#51 Different Generation, Different Battles
This is about opening a dialogue.
At the tender age of 10, I interrogated my mother on her preference between singing or dancing only to be shut down by a "Why does it matter?” Well, I didn’t interrogate her but you get the idea.
I was only inquisitive because I enjoyed both and wanted to know more about which one we could share. Regardless of the answer, I extended my effort, "Did you dance or sing in school?"
Her father refused to pay the costume fee when she showed interest in a dance group. “Anything other than reading was undesirable to be a part of,” he had instructed.
”Did you like sports or any specific game with your friends?”
She responded with a heavy sigh that she frequently changed schools because of her grandfather's repeated postings, so making friends wasn’t feasible.
A seemingly unimportant question gradually became a string of traumatic revelations. But I was 10, so we went on with the questions.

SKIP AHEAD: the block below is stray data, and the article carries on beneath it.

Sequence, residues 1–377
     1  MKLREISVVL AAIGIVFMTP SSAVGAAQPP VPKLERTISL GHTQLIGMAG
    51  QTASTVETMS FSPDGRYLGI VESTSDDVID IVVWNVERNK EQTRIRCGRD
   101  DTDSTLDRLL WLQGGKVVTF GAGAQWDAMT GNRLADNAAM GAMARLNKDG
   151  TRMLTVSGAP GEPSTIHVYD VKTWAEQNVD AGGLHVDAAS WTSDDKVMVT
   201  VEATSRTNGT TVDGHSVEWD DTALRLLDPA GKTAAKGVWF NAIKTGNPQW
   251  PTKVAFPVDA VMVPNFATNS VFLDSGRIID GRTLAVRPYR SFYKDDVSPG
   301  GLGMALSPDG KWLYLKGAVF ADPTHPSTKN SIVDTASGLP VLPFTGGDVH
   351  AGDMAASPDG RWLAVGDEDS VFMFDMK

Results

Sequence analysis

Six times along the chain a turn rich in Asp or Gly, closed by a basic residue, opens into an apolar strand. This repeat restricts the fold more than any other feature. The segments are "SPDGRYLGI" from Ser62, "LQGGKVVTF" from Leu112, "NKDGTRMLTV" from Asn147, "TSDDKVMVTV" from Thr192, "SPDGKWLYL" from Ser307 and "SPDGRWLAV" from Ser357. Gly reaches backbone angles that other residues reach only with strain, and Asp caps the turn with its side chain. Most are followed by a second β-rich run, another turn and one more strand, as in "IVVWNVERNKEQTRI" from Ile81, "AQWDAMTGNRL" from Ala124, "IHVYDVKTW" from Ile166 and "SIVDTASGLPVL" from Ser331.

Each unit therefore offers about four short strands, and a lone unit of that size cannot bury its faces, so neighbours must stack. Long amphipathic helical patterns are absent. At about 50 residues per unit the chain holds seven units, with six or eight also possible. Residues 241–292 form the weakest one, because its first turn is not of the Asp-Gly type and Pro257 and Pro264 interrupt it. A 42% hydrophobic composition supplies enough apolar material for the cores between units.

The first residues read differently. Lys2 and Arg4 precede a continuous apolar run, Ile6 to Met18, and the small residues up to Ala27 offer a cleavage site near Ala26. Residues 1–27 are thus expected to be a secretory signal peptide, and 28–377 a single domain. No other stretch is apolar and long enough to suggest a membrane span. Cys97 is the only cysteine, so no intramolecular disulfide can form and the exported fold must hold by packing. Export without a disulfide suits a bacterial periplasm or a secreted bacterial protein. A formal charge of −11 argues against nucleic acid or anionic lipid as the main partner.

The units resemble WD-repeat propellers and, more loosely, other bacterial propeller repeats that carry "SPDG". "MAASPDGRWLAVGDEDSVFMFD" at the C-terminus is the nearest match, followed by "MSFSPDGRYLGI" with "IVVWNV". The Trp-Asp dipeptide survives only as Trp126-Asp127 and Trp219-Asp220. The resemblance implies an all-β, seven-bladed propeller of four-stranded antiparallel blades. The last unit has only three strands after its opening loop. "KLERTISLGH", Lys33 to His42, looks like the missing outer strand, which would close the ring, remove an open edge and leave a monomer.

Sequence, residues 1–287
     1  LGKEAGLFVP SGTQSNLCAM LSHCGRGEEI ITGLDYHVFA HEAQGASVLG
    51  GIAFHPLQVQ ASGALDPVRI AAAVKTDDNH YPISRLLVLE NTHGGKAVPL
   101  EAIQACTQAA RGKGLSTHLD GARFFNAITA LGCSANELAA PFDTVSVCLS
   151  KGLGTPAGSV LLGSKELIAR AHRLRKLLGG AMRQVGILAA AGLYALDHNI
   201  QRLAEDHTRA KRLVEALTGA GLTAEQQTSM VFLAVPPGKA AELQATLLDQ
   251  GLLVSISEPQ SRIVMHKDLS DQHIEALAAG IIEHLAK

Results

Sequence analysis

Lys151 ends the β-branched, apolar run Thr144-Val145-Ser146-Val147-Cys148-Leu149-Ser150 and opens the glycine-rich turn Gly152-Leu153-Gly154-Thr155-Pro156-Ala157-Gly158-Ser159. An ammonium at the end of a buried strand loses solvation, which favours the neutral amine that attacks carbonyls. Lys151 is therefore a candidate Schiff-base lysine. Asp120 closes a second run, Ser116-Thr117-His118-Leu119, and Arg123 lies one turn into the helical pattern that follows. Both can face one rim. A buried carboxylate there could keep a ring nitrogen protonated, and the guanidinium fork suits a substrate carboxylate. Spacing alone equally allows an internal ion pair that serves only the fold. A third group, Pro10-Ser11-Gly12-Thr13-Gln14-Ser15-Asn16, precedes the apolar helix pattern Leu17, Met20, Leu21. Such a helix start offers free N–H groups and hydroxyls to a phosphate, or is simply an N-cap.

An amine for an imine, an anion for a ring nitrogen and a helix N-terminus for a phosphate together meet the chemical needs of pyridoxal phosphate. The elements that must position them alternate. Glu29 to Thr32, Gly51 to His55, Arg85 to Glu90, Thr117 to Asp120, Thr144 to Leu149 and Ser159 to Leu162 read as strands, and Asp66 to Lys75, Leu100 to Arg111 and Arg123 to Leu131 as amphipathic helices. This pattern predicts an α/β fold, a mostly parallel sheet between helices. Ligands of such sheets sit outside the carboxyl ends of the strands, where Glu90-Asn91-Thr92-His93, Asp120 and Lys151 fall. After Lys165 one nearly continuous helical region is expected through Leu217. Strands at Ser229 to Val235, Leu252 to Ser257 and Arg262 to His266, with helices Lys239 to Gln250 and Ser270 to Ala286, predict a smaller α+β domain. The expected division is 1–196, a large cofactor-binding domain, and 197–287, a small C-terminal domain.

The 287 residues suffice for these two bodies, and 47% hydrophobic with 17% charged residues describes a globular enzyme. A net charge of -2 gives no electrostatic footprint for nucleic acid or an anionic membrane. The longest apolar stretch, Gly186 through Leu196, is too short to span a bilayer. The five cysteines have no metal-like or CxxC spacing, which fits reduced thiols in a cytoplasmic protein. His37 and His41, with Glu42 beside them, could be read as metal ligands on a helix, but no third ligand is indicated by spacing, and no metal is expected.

"Mom, why don't I ever hear any fun stories from your childhood?" Without even realizing, I was sprinkling salt on a poorly patched wound.
"You wouldn't understand because you have it so easy now."
The following years, every time I innocently slid in a problem of mine that I so dearly wanted to discuss, they dodged it with a problem of their own from the past, in hopes of making me realize how easy my life was in comparison to theirs.
’When will we stop glorifying suffering and accept that the current generation and the context in which we live are not exempt from difficulties?’ I thought to myself.
I understood where they came from. I understood their hardships. I understood their experiences. But that shouldn’t have meant that mine had to be neglected. Each generation has a different battle. Maybe, it’s time we accepted that.
For all the readers today, I invite you to respond to this mail because this is truly going to be about opening a dialogue.
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